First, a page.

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US Secretary of State John Kerry delivers a statement in Vienna on the status of negotiations over Iran's nuclear program before he leaves Vienna on Nov. 24, 2014. Kerry defended extending a deadline for a deal with Iran, saying "real and substantial progress" was made during talks in Vienna and calling on US lawmakers not to impose new sanctions on Tehran.

- AFP/Getty Images

PROVIDENCE, Rhode Island — The international nuclear negotiations with Iran are close enough to succeed so the talks are being extended to next year. The new deadlines are March for a political agreement and June for the full final signatures.

The deal will mean Iran agrees to make abundantly verifiable the entirely peaceful character of its civilian nuclear energy program and thereby cancel out Western suspicions that Iran’s ambition is for a weapon.

An accord would constitute the first truly good news out of the Middle East in a long while. If we peacefully settle this dispute it would mean an historic opportunity to get policy right in that area of the world.

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US President Barack Obama meets with members of Congress on foreign policy on July 31, 2014 in the Cabinet Room of the White House in Washington, DC. At left is Senate Majority Leader Harry Reid, D-NV.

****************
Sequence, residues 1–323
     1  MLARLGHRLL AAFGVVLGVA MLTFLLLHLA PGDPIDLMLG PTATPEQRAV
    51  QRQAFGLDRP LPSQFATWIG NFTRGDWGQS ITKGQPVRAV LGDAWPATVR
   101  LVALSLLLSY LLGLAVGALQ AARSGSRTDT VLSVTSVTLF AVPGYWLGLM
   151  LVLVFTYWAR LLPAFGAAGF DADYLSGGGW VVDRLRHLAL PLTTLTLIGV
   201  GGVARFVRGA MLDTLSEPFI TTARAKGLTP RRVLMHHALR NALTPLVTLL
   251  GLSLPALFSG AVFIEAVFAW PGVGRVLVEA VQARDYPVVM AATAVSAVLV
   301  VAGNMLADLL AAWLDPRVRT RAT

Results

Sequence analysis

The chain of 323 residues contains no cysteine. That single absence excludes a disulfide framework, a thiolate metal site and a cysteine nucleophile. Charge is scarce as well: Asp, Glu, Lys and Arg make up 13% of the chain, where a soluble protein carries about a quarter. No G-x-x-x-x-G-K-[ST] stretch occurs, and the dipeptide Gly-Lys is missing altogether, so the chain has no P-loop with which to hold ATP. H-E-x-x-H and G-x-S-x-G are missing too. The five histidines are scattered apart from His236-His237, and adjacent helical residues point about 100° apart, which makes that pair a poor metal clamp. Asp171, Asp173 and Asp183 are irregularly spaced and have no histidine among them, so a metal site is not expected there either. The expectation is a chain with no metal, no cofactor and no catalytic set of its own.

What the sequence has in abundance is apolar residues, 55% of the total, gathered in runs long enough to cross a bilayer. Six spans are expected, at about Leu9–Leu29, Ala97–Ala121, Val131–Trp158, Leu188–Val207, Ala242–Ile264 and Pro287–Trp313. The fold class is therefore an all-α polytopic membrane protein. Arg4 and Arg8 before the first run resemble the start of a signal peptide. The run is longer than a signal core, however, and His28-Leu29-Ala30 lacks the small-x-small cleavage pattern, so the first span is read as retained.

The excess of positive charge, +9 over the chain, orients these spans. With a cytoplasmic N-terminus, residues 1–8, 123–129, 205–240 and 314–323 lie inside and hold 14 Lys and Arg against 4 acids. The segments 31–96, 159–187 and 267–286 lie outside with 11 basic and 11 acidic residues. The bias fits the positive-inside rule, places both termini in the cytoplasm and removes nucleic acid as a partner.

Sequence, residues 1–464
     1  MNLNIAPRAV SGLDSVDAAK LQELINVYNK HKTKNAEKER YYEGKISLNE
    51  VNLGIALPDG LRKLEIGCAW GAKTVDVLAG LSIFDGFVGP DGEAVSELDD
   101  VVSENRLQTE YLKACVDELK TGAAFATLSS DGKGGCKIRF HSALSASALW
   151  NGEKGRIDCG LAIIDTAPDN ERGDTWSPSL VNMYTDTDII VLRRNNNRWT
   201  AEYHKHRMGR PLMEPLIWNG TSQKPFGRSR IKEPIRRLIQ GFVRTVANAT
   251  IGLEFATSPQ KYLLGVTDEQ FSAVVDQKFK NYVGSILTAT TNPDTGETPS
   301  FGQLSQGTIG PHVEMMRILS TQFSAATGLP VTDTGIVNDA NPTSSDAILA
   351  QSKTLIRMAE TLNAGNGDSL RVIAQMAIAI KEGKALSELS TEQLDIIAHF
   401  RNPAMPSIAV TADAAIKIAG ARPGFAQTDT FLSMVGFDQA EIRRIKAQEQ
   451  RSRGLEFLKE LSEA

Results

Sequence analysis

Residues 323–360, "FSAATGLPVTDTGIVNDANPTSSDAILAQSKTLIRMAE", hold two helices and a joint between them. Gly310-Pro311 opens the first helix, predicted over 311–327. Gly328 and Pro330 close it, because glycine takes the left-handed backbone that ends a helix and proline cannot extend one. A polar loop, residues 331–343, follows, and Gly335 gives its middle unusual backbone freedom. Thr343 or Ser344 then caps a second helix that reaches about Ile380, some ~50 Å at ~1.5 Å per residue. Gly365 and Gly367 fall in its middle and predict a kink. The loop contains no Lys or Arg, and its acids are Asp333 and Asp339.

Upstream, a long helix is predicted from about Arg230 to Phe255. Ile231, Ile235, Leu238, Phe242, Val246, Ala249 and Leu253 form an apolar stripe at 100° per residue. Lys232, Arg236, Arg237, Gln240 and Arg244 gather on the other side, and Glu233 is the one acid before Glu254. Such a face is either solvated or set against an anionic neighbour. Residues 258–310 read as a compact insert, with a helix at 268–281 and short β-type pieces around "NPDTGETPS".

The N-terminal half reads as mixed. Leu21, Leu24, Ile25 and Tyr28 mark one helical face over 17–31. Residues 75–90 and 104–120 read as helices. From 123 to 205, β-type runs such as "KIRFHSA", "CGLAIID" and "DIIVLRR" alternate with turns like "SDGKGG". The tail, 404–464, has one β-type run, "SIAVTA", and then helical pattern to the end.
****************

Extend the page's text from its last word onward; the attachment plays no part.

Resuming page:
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DENVER — The United States and other members of the P5+1 have agreed to extend the deadline for reaching a nuclear deal with Iran by several months. While administration officials, including Secretary John Kerry, have indicated progress in the most recent round of discussions, considerable space remains between the positions of the two sides.

However, Congress and American public should be wary of the talks’ extension. This administration is eager for an agreement it could tout as a signature foreign policy achievement. 

And for good reason. Its record on foreign policy is marked more by failure than success, especially on conflict-related issues. The lack of progress on so many pressing issues raises doubts about the administration’s competence and judgment to reach a deal with Iran – a state with longstanding, venomous animosity toward the US and our Mideast allies, a record of promoting terrorism against the US and those allies, and a history of perfidy on its nuclear weapons program.

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Indian sex workers hold placards as they participate in a rally at the Sonagachi area of Kolkata on Nov. 8, 2014. Hundreds of sex workers with their children and family members participated in the rally to demand better legal protection of sex workers, claiming that better laws will reduce human trafficking and exploitation.

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TURIN, Italy — Over the last few weeks, two territories thousands of miles apart made a similar commitment to gender equality. Northern Ireland became the first part of the United Kingdom, and Canada the first country outside of Europe, to vote in favor of a bill that recognizes the gender dimension of the commercial sex trade.

In both cases, the selling of sex will be decriminalized. Exiting services and support will be provided to those in prostitution, and the focus will move to pimps, brothel-keepers and buyers – those who create the demand that fuels sex trafficking. The approach is known as the “Nordic Model,” initially established by Sweden in 1999 and later adopted by Norway and Iceland.